By Lefteris Yallouros – Athens
Greek Prime Minister Antonis Samaras heads to Berlin on Tuesday for talks with German Chancellor Angela Merkel.
The visit is crucial as Samaras will seek to fend off further reform in the national insurance system and labor relations for which the country’s troika of lenders is considered certain to push for as part of an evaluation of progress made in the Greek adjustment program.
The Greek premier also hopes to secure a message of support of his government’s efforts to bring growth back to Greece, ahead of the troika’s return to Athens later this month.
Ahead of a Presidential election to be held in Parliament early 2015, Samaras would like to close a difficult negotiation with the troika by the end of the year; the meeting with Angela Merkel may prove pivotal in avoiding a third bailout-package at the end of the current which the Greek government wants to exit along with the strict memorandum it came with.
The German Chancellery has said that “the debt issue will not be decided bilaterally and not be discussed on Tuesday”. However, it is understood that Samaras will want to tie in the likely granting of debt relief with a “guarantee” of some sort from Merkel and other EU partners that Greece could return to financial markets thus disengaging from the troika.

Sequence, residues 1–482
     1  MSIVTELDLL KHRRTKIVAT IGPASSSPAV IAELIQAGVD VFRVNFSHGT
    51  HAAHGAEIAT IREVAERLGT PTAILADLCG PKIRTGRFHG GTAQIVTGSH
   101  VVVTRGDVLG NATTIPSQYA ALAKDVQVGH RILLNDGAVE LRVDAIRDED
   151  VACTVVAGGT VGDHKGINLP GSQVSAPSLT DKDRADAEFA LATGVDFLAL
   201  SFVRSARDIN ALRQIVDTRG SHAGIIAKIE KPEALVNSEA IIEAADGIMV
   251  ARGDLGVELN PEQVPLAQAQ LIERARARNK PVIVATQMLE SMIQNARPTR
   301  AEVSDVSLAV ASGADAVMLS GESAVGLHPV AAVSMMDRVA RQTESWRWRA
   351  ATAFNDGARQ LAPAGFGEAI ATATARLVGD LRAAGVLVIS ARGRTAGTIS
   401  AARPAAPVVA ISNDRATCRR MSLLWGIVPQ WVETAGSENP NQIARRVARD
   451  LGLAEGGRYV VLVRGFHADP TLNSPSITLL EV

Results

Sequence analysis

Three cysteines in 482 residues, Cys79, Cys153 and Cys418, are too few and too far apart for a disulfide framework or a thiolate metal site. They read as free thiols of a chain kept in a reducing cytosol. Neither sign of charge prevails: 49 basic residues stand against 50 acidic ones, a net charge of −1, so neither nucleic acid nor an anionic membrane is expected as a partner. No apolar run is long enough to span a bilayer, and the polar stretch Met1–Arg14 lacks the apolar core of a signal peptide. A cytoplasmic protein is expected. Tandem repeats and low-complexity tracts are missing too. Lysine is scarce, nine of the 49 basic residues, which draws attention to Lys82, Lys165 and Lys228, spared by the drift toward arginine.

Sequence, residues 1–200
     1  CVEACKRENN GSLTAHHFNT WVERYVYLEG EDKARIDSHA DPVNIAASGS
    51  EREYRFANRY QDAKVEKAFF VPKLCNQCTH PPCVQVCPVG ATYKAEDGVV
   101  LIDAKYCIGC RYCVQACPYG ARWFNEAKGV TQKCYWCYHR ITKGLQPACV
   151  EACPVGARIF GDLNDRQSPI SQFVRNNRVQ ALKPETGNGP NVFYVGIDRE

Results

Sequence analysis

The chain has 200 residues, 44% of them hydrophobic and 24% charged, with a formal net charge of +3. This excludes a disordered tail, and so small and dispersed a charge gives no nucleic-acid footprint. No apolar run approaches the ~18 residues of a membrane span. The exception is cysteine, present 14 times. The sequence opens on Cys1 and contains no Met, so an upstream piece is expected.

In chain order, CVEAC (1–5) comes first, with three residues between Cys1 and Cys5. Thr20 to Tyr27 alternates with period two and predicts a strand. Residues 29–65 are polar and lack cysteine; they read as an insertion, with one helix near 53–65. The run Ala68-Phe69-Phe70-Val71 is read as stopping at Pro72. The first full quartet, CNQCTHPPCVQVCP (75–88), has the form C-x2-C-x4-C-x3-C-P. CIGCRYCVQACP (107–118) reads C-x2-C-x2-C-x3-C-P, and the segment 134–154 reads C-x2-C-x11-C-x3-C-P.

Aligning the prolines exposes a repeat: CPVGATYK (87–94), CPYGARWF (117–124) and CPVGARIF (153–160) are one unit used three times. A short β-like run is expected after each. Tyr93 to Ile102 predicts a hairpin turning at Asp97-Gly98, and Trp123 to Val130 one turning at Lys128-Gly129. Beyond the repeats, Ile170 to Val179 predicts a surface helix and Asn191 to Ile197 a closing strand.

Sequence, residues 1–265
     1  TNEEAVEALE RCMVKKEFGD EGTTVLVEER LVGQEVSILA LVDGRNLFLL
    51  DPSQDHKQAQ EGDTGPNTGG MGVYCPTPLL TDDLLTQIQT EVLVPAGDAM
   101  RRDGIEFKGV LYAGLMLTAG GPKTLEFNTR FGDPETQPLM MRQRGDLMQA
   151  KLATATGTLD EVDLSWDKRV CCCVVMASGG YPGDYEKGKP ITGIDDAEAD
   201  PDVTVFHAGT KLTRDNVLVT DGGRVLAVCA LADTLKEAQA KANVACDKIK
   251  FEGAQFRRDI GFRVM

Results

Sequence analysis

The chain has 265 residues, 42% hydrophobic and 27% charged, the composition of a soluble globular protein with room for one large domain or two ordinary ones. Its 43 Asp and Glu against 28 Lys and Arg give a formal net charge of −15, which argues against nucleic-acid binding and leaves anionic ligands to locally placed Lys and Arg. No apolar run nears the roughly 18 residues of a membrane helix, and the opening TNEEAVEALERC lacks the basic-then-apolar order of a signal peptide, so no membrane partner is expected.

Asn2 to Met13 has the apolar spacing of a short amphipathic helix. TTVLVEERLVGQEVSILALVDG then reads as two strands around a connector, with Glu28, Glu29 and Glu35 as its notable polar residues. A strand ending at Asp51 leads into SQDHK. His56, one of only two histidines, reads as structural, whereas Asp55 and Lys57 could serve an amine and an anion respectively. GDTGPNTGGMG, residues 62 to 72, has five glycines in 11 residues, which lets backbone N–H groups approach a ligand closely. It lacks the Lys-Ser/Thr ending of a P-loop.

Main – opposition SYRIZA thinks the effort made by the PM will prove futile. A party statement said “Mr Samaras is turning to Ms Merkel as a beggar seeking her lenience. The only negotiation card Mr Samaras has with Ms Merkel is the prospect of a Syriza government”.
Criticism came as reports in Athens emerged ahead of the Berlin meeting suggesting Samaras will be raising the argument that SYRIZA is already ahead in the polls in order to convey that any new pressure on the coalition government to adopt fresh austerity measures may bring about its downfall.
Furthermore, the government is looking to reduce taxes and increase installments of overdue debt repayment for Greeks, as promised by the PM earlier this month.